One of the big names for the 2022 NHL draft, Lambert is one of the best Finnish prospects to come through the system in some time and will be a force at this tournament - something Finnish fans have come accustomed to. Watching Lambert play is like watching a Nathan MacKinnon clone. A dynamic two-way forward with incredible top-end speed, it’s rare someone manages to take the puck off of Lambert. Lambert is typically the fastest player on the ice and looks so smooth when moving around the big European ice with the puck, handling it in ways many players his age simply cannot. Lambert has thrived internationally on multiple occasions and was even a shining star for the Finns at the World Junior Championship a few months ago. Lambert should be Finland's best player in Texas and if they go far, he'll definitely be a reason why.
Brandt Clarke, D (Canada)
In a draft year dominated by blueliners, Clarke is certaintely among the best. Coming off of strong season in the Slovak men's league, Clarke showed a high sense of maturity and as the games went on, he got more comfortable with his opportunities and finished with 15 points in 26 games. His OHL rookie season a year ago had its challenges, but he still did most of the heavy lifting for a team that wasn't near the top of the standings. An offensive-minded defender, Clarke will be a heavy minute-muncher for Canada and will be the power-play quarterback, and perhaps he'll find a way to rekindle the on-ice magic he had with Shane Wright and Brennan Othmann during their Don Mills Flyers days.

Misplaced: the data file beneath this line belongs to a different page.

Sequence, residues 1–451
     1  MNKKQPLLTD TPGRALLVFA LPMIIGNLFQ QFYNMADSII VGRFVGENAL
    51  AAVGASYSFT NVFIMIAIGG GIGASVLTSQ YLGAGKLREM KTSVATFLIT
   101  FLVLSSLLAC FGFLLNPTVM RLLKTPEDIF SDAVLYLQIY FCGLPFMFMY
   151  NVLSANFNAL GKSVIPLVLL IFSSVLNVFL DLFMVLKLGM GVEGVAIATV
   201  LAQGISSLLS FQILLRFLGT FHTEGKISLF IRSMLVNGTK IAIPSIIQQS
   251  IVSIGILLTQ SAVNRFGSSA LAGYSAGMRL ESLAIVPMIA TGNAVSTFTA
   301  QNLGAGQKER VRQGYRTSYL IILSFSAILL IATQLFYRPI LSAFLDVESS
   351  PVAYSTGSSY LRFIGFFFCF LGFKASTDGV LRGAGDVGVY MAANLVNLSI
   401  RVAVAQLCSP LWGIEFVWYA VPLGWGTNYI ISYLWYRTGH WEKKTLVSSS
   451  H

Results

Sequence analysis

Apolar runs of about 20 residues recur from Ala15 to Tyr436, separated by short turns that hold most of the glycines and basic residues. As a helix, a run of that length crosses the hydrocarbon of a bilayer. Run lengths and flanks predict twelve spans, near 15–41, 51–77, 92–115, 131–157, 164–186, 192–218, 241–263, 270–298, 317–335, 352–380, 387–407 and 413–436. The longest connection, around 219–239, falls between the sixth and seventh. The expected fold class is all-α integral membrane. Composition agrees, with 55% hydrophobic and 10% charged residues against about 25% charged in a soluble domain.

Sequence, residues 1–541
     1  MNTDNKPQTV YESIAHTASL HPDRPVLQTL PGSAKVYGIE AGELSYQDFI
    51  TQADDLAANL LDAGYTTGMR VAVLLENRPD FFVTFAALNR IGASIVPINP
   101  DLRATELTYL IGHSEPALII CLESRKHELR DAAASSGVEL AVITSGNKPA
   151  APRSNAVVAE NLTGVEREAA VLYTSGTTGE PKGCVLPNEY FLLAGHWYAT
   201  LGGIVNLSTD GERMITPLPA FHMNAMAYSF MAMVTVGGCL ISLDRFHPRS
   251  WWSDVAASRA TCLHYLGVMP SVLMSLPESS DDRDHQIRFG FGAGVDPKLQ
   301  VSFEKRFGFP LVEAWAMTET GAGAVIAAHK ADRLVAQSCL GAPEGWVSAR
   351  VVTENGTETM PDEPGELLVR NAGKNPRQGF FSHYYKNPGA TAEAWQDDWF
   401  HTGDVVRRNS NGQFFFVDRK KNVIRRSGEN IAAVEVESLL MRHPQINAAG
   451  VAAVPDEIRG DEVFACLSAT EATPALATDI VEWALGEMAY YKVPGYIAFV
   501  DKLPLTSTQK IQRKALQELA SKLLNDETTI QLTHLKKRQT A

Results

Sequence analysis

Simon Edvinsson, D (Sweden)
Some think Edvinsson is a top three prospect for the draft. Others think he's not even worthy of a top 10 pick. Regardless, Edvinsson is an interesting player to follow and someone who'll make an NHL team much better someday. At 6-foot-5 and just over 200 pounds, Edvinsson is a tremendous skater with a great long stride and a high top speed. In one-on-one situations, he uses his long reach to knock the puck away effectively and he definitely has the power to rip pucks in the back of the net. Edvinsson played nearly an equal number of games in the SHL, HockeyAllsvenskan and Swedish U-20 league and while ice time was so hard to come by in the SHL, he still showed why scouts love his ability to read defensive plays and at the other levels, he showed his worth as a power-play quarterback. As always, look for him to be an integral piece of Sweden's roster.
Rutger McGroarty, C (USA)
With Chaz Lucius out with an injury, that gives 2022 draft prospect McGroarty an elevated role with the squad. The underaged prospect made waves when he recorded 82 goals and 160 points in his minor midget season with the Oakland Jr. Grizzlies. His USNTDP debut was exactly what scouts were expecting with a point-per-game with the U-17 team before getting an extended run with the U-18 team - and not looking a foot out of place. The term "elite" is used too much to describe prospects, but his skillset definitely meets the criteria.
Fabian Lysell, RW (Sweden)
When Lysell represents his country, you need to pay attention. He burst onto the scene two years ago with 10 goals and 19 points in nine U-16 games with his nation, only to finish above a point per game with the U-17 squad a year later. Lysell got a taste of the U-18 team for a four-game stretch and was one of the best players in the top six, but now this group is his team, no question. Lysell spent most of the year in the top Swedish men's league and while he had just three points in 26 outings, he played fewer than five minutes in many games prior to his season coming to an end. Against his own age group, Lysell is a tough cookie to crack, especially when he gets his feet moving and puts himself in scoring territory. The aggressive forechecker can also be of good use in his own zone, although you won't find him engaging in physical battles. Still, if you're looking for a dynamic winger in this year's draft, few can match what Lysell brings to the table.
Dylan Guenther, LW/RW (Canada)